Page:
London Screenwriters' Festival

Three Tricks of the Trade for Getting Ideas by Linda Aronson

Posted on: September 18th, 2011 by Lucy V Hay 1 Comment

There were 115 entries for last year's Short Script Challenge.

I’m not on the panel of judges for the LSF one-page script competition, so I have no idea what they’ll be after, but I’ve been writing scripts since the late Iron Age and have judged many script competitions, so here are a few tricks of the trade that just might help.

I can’t think of short film competitions without remembering a colleague some years ago telling me that she’d just judged a short film competition with over 400 entries and to her amazement a staggeringly high percentage had the same story. This was, a person emerges from home/work/shopping centre/pub to see someone trying to steal their car. Said person wrestles the thief to the ground only to discover (boom, tish) it wasn’t their car. I heard a similar story from the writer Carl Sautter, who when he was head writer on a US TV detective series was amazed to find writer after writer turning up to pitch the identical idea for an episode.

Were all of these people terrible writers? No. They were stressed writers, more precisely, they were writers who’d jumped at the first idea that came to them. Let’s look at this business of getting ideas because it’s something you’ll be dealing with for your whole writing career. The first idea that comes to you is usually a cliché because it’s coming from logic and memory banks rather than imagination. Since we all share essentially the same memory banks, the first idea that comes to you is likely to be the first idea that comes to other writers. Hey presto, you, a good writer, have produced a cliché.

The thing here is to realise that all writers think of clichés (because clichés are only overused good answers), but good writers expect to hit clichés, hence look out for them, then either dump them or put a new spin on them
So, how are you going to get a brilliant idea for this competition? The first thing you’re going to do is NOT dash off the script. Don’t make the mistake of thinking that speed necesarily means brilliance. Plan. Find five minutes here and there at work to brainstorm. It’s amazing what you can do in five minute slots.

Trick number 1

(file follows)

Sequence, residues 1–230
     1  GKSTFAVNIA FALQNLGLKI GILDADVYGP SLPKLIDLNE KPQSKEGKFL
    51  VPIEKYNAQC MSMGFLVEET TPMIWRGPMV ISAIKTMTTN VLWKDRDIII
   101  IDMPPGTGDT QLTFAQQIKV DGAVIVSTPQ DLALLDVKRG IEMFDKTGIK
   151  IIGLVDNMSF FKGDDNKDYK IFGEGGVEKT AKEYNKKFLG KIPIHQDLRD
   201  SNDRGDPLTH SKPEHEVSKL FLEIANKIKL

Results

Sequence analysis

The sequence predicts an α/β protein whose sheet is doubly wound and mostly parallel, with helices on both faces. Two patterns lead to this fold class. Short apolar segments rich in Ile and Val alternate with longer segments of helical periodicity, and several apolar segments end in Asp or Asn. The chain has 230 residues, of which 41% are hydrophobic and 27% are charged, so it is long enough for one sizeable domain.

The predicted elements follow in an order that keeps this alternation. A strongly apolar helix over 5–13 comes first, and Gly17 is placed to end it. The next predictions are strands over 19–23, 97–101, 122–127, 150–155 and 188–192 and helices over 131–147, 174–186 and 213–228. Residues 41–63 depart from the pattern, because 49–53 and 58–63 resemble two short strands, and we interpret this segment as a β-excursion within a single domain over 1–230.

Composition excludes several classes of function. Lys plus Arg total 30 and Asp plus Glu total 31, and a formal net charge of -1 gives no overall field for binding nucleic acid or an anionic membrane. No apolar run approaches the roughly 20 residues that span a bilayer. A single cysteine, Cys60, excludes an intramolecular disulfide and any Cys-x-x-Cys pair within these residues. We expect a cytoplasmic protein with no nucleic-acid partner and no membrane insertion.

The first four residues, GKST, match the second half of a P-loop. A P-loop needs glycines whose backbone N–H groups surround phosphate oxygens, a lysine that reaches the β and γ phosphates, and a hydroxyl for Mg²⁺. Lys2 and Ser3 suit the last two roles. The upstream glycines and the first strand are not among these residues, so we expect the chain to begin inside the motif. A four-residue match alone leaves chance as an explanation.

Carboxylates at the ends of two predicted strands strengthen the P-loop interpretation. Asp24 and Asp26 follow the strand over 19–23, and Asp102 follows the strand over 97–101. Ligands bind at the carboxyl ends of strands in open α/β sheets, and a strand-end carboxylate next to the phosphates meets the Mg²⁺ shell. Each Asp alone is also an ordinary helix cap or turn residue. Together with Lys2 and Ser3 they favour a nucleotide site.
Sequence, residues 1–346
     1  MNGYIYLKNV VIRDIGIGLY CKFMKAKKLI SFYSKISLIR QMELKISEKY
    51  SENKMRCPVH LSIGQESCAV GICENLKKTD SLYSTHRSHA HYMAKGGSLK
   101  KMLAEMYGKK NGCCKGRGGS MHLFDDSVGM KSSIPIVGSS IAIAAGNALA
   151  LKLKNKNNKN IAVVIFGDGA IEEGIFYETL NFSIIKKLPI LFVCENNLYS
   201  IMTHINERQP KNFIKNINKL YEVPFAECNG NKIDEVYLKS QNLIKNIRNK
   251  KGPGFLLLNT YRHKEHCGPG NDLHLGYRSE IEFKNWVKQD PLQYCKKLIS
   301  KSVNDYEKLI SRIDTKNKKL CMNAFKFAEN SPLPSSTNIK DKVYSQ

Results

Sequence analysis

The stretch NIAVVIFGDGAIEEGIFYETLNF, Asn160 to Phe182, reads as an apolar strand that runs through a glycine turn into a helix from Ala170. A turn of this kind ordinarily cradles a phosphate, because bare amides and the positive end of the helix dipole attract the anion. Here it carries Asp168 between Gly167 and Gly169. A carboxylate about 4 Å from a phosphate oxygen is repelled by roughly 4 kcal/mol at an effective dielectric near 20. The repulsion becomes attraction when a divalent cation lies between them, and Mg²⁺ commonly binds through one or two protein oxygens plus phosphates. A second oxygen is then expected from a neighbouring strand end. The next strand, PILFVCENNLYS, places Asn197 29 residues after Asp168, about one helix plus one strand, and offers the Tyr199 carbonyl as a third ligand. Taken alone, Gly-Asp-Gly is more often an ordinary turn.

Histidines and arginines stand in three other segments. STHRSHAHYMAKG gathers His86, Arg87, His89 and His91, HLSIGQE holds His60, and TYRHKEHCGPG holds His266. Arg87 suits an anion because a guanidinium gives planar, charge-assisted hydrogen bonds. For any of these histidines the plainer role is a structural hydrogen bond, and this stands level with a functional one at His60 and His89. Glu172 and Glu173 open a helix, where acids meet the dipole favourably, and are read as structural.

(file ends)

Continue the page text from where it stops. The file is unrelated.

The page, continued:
Start by listing for yourself the restrictions and aims of the job. Every writing job comes with restrictions, but it’s surprising how many writers won’t think about restrictions. I suspect it’s because they’re terrified that thinking of the negatives will put them off. Ironically, avoiding the negative actually places you permanently on the edge of being disheartened, permanently watching your back. Listing restrictions empowers you. You know the nature of the task so you can get on with it – and, to be cold-blooded, you have already given yourself a distinct advantage over the people who are ignoring the restrictions rather than, as you will be doing using them as a springboard to originality. So, list the restrictions and any solutions or workarounds that you can think of (and don’t worry if you can’t think of any yet), then start to think of ideas using trick number 2.

Trick number 2

Don’t try to think of just one idea. You need to think of at least twenty then choose the best. Don’t panic. There’s is a knack to this. Start by telling yourself that your idea must be ‘real but unusual’ and (for this competition’s purposes) add the instruction ‘ and runs for only a page’ . Next, write down every ‘real but unusual and runs for only a page’ idea you can think of – good or bad. It’s most important not to limit yourself here. Give yourself permission to have bad ideas among the good (or you’ll paralyse yourself) and think ‘quantity not quality’. The reason for working this way is that to get vividly original ideas you need to access your lateral imagination, which necessitates you suppressing your logical intellectual hypercritical self – which will fight to take over and make you choose a cliché, particularly in any situation where you’re under stress (which for writers of course is most of the time). So, shut down your hypercritical self and let your imagination go wild with your topic ‘real but unusual and runs only for a page’. When you’ve got your long list of ideas then you can be hypercritical, and yes, you’ll have some junk in that list, but you’ll be surprised how little.Use this ‘real but unusual’ trick every time you need to make a plotting decision of any kind in creating this (and any other) script – and double check for clichés because stress will permit them to sneak in.

Trick Number 3

Now you’ve got the hang of getting story ideas by accessing your lateral imagination and thinking ‘real but unusual’, turn your attention back to the list of restrictions. Use the same method for getting as many original clever solutions to the restrictions as you can, not worrying at first about quality. Try to see advantages in the restrictions. Try to get excited by the challenge, fired up. Think ‘what can these restrictions give me?’ ‘What will nobody else have thought of?’. It’s hard, of course, but focus, and keep brainstorming.
When you’ve done all of that, choose the best idea and the cleverest answers to the restrictions. You may find you can combine ideas.
Good luck! And see you at the LSF!

By Linda Aronson, 21st Century Screenwriter

One Response

  1. Tricia says:

    This is brilliant advice, thank you! I’m a screenwriter and story editor, and thinking of twenty ideas per problem is simple and smart.

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